Can you get happier?

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Back in the day, I used to write a lot about happiness, including an article entitled “Happiness is bullshit.” (Don’t worry — I argued for “contentment” instead.) I also once spoke of the “U-Curve” of happiness.

Not that you should give a flying fuck, but it’s interesting to me to look back on these. I don’t think I was actually happy at the time. I moreso am now. Interesting. OK. That got deep.

At a broader level, though, I wouldn’t say society is very “happy.” You spend a lot of time at work, right? Most people do. Well, 85% of people in a global study don’t like their job. That’s a lot of time being unhappy.

Plus, we’ve got research that:

Doesn’t seem like a lot of happiness is walking through that door. Maybe we need a new approach.

Cue Blue Zones

Written about them once too! I think some of their stuff is trash, but in general it’s a good model for how to live longer, be successful, be happier, etc. Their founder just wrote a book, so he’s out promoting it and gave this interview to UPenn-Wharton. This part pops to me:

“My central argument when it comes to happiness is that if you try to get happier, it’s a recipe for neurosis. That usually doesn’t work. But you can set up your environment so you’re more likely to be happy,” he said. The workplace is an example. Finding a work buddy, making overtures to others and having meaningful conversations are some ways to increase job satisfaction, regardless of whether you like your position or your pay.

Let’s break this into two parts now, shall we?

Happiness at work

It can often be fleeting, because so many managers are so bad — but if you really want to be happy in a job, here’s the dirty little secret. It’s not really about the compensation. In fact, some highly-compensated jobs will make you absolutely miserable. Rather:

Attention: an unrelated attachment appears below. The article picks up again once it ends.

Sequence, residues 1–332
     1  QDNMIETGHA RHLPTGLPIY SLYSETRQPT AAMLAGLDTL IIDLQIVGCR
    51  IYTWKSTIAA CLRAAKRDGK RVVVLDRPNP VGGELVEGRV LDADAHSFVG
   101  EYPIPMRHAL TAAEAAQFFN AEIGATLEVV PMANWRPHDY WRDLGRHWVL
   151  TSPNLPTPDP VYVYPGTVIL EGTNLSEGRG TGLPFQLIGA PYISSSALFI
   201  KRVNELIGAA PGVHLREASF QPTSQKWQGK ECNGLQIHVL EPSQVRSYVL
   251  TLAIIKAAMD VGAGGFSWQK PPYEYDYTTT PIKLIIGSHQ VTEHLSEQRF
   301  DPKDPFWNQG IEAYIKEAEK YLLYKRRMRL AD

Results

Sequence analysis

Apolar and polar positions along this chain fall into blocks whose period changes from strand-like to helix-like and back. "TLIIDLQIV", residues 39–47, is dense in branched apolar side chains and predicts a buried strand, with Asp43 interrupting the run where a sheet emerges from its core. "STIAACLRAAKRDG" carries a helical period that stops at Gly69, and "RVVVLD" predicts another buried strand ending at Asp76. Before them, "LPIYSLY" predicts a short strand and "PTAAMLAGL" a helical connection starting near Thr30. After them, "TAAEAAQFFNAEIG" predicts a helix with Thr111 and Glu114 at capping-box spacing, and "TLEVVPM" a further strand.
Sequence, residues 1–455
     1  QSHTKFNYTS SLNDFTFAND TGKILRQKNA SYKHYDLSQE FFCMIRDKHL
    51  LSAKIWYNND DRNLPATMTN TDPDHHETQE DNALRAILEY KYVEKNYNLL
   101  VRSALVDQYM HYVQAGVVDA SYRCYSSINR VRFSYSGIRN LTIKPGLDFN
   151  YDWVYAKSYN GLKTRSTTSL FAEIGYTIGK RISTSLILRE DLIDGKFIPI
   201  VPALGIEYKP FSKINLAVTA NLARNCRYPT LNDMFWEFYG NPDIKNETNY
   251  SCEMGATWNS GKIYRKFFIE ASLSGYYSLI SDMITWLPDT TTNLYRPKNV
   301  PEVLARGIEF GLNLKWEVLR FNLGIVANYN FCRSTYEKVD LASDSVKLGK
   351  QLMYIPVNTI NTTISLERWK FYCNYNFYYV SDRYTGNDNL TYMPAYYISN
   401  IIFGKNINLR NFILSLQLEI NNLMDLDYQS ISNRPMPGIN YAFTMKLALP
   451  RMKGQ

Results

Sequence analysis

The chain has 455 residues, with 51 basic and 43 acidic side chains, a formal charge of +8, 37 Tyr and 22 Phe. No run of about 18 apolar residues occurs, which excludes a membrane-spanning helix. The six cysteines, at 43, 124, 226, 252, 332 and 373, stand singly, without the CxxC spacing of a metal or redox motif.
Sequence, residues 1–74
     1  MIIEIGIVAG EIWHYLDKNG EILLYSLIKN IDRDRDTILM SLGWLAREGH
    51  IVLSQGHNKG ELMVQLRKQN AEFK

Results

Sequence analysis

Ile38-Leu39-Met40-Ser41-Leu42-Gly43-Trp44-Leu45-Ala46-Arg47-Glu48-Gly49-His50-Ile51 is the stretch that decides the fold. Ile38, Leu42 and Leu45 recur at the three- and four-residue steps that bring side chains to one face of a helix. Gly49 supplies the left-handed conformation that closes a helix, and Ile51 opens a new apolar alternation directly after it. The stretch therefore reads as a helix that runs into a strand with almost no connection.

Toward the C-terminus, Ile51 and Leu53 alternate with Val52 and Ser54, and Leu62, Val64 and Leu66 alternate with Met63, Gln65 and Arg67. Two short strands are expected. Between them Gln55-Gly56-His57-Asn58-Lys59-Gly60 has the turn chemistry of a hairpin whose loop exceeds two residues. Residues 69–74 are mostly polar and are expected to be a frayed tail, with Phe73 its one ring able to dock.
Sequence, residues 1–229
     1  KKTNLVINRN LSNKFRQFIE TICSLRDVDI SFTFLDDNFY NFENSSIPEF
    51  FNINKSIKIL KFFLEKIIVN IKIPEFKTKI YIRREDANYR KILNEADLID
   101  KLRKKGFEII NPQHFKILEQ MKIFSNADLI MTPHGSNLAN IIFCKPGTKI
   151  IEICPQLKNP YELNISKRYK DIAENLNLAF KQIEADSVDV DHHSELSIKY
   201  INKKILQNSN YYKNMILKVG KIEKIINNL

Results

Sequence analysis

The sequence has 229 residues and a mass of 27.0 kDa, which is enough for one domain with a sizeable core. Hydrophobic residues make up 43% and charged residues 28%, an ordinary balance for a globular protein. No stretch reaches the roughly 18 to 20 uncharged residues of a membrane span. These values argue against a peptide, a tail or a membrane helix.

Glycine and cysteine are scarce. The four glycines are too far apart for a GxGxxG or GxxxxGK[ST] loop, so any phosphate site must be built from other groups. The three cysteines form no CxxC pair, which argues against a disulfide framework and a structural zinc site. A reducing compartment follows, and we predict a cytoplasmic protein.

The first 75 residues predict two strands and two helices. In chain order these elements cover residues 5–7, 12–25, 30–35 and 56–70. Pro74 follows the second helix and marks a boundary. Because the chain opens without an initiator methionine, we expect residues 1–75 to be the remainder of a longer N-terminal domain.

You’ll see studies saying that having three close work friends is equivalent to $105,000 in salary or whatever. Look, that’s bullshit. You can’t buy a car with three close friends. You can if you make $105K. But friends and connections are important. This is true.

The path to actual contentment

It’s actually pretty simple.

You need to build some type of community for yourself.

This can be many things:

  • Work
  • Neighborhood
  • Gym
  • Chess club
  • Bar (less healthy)
  • College friends
  • Spouses’ friends
  • Etc.

Community is what drives everything.

But try to make sure it’s “real” community

Another quote from the Blue Zones founder:

“A lot of us just blunder into our five best friends. They’re left over from childhood, or we met them in college, or we happened to work with them one day,” he said.

Let me chop this one up for you.

Sometimes, it’s actually really good to have a major life reversal. It’s good to go through shit.

Why?

Because this is what happens when you go through shit: you have to, by definition, figure out who cares about you.

If someone doesn’t care about you, they ain’t gonna put the bar up for you when the chips are down.

I got divorced about a year ago. Very few people were there for me.

It sucked at the time. I wrote this.

You know why it’s better a year later?

Because now I know who gives a fuck and who doesn’t, and those in the latter category are gone.

Be intentional about your friendships and the community you build.

That’s how you get happier.

If you actively try to get happier, you’ll just get depressed and neurotic. Instead, surround yourself with good people who give a shit. It works.

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